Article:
Q: If someone is injured at work due to impairment from drugs or alcohol, is that person eligible for workers’ compensation benefits? And if the injury results in lost time, is it an OSHA recordable incident?
A: The standards for compensability under workers’ compensation are based on state law, while injury recording requirements for OSHA are determined by federal laws and regulations. Many cases will be OSHA recordable and compensable under workers’ compensation, while others will be compensable but not OSHA recordable. Still others will be OSHA recordable but not compensable under workers’ compensation.
If it is determined that the employee’s injury was caused by his or her impairment, Connecticut workers’ compensation law provides an exclusion that states: “Compensation shall not be paid when the personal injury has been caused by the willful and serious misconduct of the injured employee or by his intoxication.” You would need to be able to show to the satisfaction of the workers’ compensation commissioner that this was the case, a matter you should address through your workers’ compensation insurance representative, providing whatever relevant information you have. Generally it is not up to the employer to determine what matters are covered under workers’ compensation and what may be excluded and therefore handled under group medical coverage. Leave that to the workers’ compensation and group medical insurance carriers to sort out.
Regarding OSHA recordability, the injury must be recorded on the OSHA 300 Log based on how and where it occurred and its severity, as measured by lost time or other work restrictions. OSHA’s online Recordkeeping Handbook contains the following comments in rejecting suggestions that employers do not have to report injuries caused by employee misconduct:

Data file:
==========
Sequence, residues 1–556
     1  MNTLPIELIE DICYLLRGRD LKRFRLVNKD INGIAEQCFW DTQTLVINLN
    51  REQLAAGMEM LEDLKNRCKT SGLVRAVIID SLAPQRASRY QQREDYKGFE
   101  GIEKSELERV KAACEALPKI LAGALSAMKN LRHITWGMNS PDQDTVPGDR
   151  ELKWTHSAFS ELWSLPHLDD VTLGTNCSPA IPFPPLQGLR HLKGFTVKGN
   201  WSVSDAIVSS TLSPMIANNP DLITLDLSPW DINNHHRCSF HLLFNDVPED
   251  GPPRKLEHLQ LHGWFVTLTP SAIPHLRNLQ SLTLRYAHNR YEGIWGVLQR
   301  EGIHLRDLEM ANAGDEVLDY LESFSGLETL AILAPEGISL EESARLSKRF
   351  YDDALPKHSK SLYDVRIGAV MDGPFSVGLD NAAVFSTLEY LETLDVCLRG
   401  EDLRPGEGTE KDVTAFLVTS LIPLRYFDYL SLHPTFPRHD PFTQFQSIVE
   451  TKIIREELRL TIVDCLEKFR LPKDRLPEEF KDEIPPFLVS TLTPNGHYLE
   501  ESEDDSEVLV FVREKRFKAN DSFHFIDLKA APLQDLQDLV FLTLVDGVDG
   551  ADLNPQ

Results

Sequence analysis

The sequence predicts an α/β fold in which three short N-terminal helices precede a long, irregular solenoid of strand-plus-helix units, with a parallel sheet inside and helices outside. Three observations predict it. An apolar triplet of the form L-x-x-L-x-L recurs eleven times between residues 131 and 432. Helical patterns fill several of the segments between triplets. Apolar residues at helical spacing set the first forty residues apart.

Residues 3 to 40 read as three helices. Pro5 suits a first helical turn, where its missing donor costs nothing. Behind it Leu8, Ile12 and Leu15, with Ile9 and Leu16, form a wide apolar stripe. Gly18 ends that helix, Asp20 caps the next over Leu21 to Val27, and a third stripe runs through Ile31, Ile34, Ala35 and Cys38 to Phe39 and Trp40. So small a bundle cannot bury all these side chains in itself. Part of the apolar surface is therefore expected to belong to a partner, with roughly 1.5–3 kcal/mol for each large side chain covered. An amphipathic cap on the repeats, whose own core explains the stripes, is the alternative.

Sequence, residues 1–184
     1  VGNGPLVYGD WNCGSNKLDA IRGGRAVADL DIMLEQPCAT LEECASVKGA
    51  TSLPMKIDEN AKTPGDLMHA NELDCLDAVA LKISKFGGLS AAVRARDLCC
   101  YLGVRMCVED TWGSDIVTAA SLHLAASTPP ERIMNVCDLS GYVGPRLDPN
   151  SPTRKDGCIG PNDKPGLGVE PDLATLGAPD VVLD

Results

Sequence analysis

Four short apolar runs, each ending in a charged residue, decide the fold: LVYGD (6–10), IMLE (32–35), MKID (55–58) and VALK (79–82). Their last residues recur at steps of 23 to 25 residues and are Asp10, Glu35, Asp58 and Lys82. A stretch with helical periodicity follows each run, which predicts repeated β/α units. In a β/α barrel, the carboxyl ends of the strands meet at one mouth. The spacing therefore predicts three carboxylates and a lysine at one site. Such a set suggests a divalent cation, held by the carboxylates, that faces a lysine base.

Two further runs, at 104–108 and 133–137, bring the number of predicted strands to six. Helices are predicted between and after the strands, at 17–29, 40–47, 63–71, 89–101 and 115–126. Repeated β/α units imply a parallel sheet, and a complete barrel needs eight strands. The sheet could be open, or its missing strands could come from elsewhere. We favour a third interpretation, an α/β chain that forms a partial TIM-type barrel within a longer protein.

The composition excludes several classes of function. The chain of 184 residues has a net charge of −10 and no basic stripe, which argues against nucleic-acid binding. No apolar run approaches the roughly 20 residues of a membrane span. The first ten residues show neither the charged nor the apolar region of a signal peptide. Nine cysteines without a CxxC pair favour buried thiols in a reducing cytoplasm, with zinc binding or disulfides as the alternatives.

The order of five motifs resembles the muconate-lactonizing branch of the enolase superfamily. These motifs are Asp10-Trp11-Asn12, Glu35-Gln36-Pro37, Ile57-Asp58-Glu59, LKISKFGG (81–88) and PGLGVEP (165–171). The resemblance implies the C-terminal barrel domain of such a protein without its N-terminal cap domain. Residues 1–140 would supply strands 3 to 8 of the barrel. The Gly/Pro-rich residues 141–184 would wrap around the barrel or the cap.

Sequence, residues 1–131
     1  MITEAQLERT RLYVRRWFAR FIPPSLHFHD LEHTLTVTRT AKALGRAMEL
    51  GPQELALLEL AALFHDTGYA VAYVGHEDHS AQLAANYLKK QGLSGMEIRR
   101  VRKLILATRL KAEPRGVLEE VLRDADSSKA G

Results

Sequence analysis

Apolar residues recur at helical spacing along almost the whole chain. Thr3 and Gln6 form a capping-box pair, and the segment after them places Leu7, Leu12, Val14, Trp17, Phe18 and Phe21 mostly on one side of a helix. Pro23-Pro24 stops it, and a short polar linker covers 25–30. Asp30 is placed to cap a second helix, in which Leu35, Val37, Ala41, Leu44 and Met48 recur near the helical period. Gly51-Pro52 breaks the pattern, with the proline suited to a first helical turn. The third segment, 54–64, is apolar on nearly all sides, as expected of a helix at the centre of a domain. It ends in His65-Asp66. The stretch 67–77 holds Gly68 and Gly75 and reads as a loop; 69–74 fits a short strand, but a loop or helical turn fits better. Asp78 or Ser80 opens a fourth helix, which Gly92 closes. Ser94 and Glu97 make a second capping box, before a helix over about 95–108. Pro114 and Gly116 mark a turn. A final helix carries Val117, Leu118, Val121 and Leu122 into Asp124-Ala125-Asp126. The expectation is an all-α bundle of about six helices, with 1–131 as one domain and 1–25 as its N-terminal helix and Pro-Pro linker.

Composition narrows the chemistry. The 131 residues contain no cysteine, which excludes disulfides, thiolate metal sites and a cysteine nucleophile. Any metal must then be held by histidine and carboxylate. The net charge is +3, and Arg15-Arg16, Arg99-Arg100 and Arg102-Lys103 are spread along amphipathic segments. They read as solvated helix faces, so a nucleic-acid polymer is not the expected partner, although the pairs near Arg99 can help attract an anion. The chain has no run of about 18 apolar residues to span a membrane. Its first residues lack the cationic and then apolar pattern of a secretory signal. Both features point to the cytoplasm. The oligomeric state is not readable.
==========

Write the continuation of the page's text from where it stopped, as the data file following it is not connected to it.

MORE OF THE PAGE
Illegal activities and horseplay: OSHA has not adopted any of these recommended exceptions in the final recordkeeping rule because excluding these injuries and illnesses would be inconsistent with OSHA’s longstanding reliance on the geographic presumption to establish work-relatedness. Furthermore, the Agency believes that many of the working conditions pointed to in these comments involve occupational factors, such as the effectiveness of disciplinary policies and supervision. Thus, recording such incidents may serve to alert both the employer and employees to workplace safety and health issues.
You may have an affirmative defense against a citation, either an “unpreventable employee misconduct” or “isolated event” defense, but you must be able to show that the violative conduct was (a) unknown to the employer and (b) in violation of an adequate work rule which was effectively communicated and uniformly enforced.
But even if you can show a sufficiently vibrant safety program, regular employee communications, and that you have disciplined employees for prior safety violations, you would still not be exempt from recording the incident.
Do you have a question related to employment law, wage and hour issues, human resources, or regulatory compliance involving state agencies such as DEEP or DRS? Members can get free information from CBIA’s experts by calling 860.244.1900.